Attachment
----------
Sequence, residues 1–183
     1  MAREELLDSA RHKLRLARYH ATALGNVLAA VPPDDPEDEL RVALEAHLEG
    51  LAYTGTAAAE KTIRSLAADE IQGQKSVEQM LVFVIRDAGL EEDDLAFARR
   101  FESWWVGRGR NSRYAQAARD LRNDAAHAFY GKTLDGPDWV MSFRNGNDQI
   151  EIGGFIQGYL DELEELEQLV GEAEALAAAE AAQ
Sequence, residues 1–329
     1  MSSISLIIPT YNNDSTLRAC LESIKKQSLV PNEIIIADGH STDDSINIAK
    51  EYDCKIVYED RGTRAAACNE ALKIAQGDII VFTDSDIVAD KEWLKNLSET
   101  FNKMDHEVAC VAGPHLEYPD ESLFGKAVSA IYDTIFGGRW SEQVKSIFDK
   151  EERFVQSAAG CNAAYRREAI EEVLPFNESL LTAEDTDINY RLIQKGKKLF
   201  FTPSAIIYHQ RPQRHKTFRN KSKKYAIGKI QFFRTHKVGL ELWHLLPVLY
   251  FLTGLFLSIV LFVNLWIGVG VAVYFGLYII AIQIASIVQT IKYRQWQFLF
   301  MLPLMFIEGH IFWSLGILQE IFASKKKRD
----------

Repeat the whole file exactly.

Sequence, residues 1–183
     1  MAREELLDSA RHKLRLARYH ATALGNVLAA VPPDDPEDEL RVALEAHLEG
    51  LAYTGTAAAE KTIRSLAADE IQGQKSVEQM LVFVIRDAGL EEDDLAFARR
   101  FESWWVGRGR NSRYAQAARD LRNDAAHAFY GKTLDGPDWV MSFRNGNDQI
   151  EIGGFIQGYL DELEELEQLV GEAEALAAAE AAQ
Sequence, residues 1–329
     1  MSSISLIIPT YNNDSTLRAC LESIKKQSLV PNEIIIADGH STDDSINIAK
    51  EYDCKIVYED RGTRAAACNE ALKIAQGDII VFTDSDIVAD KEWLKNLSET
   101  FNKMDHEVAC VAGPHLEYPD ESLFGKAVSA IYDTIFGGRW SEQVKSIFDK
   151  EERFVQSAAG CNAAYRREAI EEVLPFNESL LTAEDTDINY RLIQKGKKLF
   201  FTPSAIIYHQ RPQRHKTFRN KSKKYAIGKI QFFRTHKVGL ELWHLLPVLY
   251  FLTGLFLSIV LFVNLWIGVG VAVYFGLYII AIQIASIVQT IKYRQWQFLF
   301  MLPLMFIEGH IFWSLGILQE IFASKKKRD